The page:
From an agricultural point of view, spring is one of the most interesting seasons when it comes to irrigation in this phase of the year in plastic crops. Normally in this phase we are at a time when we either have a recently planted crop, either melon or watermelon or with short cycle courgettes, or we are finishing with long cycle crops of tomato, pepper or aubergine. enriched or in hydroponic cultivationwe are extremely conditioned by the climate. At this stage, we can say that the limiting factor is the climate, and without paying attention to the climate we cannot succeed in any of the above-mentioned crops and growing media.
What are the effects on the climate inside the farm or greenhouse?
The main characteristics of the climate are usually as follows: In the mornings (right at sunrise, around 8:00 am), temperatures are around 10ºC and relative humidity levels are close to 90%. By mid-morning (after 12:00 pm) we can get close to 40ºC. Therefore, we can usually see thermal jumps of + 30ºC approximately from 8:00 am to 12:00 pm.
What happens is that, if the temperature starts to rise quickly, it has a rapid effect on the drop in relative humidity on the farm and this effect will cause a rapid and high transpiration of the crop. Therefore, if we are not attentive and quick with climate management and especially with irrigation, when we go to irrigate, it is possible that the plant already has a stress (at least a generative growth tendency). The end result is a bad development of the plant and problems in the fattening and ripening of the fruit.
How can we respond to changes in temperature and relative humidity?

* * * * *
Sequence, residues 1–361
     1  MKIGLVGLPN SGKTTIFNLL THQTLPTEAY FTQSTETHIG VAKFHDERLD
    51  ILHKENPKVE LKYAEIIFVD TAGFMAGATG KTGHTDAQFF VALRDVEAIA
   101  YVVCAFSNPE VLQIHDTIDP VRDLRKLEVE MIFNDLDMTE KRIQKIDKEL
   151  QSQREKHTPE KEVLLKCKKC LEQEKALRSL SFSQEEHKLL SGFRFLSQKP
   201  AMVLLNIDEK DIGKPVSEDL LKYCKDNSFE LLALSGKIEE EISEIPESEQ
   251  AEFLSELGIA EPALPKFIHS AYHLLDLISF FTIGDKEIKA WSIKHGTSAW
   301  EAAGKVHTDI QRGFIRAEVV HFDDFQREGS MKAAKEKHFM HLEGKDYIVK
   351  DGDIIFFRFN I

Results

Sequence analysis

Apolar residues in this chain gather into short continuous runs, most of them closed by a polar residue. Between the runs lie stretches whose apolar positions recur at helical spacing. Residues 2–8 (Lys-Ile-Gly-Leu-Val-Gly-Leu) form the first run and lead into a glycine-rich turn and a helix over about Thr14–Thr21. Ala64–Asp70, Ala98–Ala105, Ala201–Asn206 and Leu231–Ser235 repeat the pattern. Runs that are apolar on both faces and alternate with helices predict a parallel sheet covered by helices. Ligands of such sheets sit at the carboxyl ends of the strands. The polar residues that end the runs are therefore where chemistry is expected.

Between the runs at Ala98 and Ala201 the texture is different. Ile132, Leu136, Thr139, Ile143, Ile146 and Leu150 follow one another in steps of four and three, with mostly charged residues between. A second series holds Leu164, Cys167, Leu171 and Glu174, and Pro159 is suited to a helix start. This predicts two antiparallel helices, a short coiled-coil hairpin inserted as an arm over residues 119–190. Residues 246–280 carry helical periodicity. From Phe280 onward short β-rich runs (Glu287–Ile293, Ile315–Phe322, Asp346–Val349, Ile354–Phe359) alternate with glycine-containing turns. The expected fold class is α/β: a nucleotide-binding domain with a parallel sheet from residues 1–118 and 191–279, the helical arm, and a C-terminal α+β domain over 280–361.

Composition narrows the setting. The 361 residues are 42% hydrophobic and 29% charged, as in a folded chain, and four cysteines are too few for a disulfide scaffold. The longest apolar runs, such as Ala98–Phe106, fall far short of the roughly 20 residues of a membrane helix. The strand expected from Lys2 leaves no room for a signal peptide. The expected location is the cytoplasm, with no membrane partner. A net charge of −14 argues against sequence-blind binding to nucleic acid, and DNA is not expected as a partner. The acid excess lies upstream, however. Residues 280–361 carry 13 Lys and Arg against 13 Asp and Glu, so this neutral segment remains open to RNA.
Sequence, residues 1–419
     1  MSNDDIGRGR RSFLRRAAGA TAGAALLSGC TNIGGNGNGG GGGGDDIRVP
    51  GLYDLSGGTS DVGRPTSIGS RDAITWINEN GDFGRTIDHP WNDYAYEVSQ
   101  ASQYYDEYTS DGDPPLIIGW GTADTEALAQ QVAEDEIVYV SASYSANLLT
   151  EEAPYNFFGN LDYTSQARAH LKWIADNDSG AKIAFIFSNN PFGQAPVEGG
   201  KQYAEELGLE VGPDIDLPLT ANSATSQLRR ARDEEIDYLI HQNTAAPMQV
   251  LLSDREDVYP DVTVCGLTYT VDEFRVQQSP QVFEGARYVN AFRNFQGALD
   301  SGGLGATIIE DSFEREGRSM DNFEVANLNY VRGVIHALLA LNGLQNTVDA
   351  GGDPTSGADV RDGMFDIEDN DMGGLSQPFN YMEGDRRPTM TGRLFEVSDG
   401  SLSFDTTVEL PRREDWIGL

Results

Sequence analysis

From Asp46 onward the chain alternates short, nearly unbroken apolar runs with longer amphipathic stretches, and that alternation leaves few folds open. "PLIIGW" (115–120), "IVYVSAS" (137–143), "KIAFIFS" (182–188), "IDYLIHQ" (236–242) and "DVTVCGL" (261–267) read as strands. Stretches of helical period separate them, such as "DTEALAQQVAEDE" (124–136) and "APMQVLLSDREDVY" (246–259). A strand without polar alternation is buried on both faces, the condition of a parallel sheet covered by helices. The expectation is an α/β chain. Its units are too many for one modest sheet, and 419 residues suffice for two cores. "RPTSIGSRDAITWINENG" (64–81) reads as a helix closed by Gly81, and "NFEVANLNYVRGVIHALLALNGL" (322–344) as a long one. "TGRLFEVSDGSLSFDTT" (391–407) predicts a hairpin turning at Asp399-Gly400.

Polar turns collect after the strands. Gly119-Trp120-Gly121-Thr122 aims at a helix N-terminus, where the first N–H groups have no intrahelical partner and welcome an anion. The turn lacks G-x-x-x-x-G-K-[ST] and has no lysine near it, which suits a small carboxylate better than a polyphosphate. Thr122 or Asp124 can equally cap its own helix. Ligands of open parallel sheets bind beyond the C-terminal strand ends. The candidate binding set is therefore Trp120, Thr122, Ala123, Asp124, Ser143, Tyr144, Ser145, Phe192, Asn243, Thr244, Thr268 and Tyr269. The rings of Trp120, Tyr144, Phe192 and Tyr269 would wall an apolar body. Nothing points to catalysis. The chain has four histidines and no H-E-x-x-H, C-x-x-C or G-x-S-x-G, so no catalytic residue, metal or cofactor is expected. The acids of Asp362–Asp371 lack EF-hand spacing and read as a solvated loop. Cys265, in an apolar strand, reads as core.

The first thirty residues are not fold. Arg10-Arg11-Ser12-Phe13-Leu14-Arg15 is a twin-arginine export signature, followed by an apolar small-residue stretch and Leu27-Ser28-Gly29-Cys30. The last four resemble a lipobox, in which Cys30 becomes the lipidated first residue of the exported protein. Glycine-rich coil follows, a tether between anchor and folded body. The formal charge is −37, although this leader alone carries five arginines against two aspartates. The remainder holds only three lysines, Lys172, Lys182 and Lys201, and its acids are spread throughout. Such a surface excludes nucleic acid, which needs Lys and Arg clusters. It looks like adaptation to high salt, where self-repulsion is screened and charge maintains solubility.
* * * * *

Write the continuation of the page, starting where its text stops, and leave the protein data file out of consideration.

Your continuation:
Ideally, a minimum of technology should be used to help us understand how and when changes are occurring. There are many monitoring systems, but now we will simply focus on explaining how a thermometer on the farm can help us draw positive conclusions.
Using a thermometer, the thing to do is to record the temperatures hour by hour. It is not a question of what is the maximum temperature we reach... What causes stress in the plant is the speed at which we reach that temperature!
We must try to ensure that the temperature in the greenhouse does not exceed 4ºC/hour of thermal jump.. If it does, the plant will be stressed, and we are guaranteed to have the typical problems of over-temperature stress inside the farm or greenhouse.
If the temperature does not exceed 4ºC/hour, something we must also check is the light that enters the farm. In this way, we will ensure that the light the plants receive is correct and therefore we can ensure a good vegetative/generative balance of the crop.
What are the consequences if the plant is stressed by the climate?
- The plant is forced to over-transpire in order to stay hydrated, thus reducing its capacity for proper and optimal photosynthesis, which results in less sugars being generated.
- The plant tends to absorb more chlorine and less nitrogen, resulting in yellowing and thinning and weak heads.
- The higher the temperature, the shorter the maturation and, therefore, fattening time.
- The higher the temperature, the higher the internal conductivity of the plant and therefore the lower the sugar transformation rate.
- If we do not control the relative humidity, strong drops in humidity can occur and this means that the leaf defends itself by sending potassium and sodium to the leaf to help the stoma to defend itself against dehydration. The result is orange ripening in tomatoes and, above all, premature ageing of the leaves.
- Finally, a significant blockage of difficult to move elements such as calcium and iron is observed.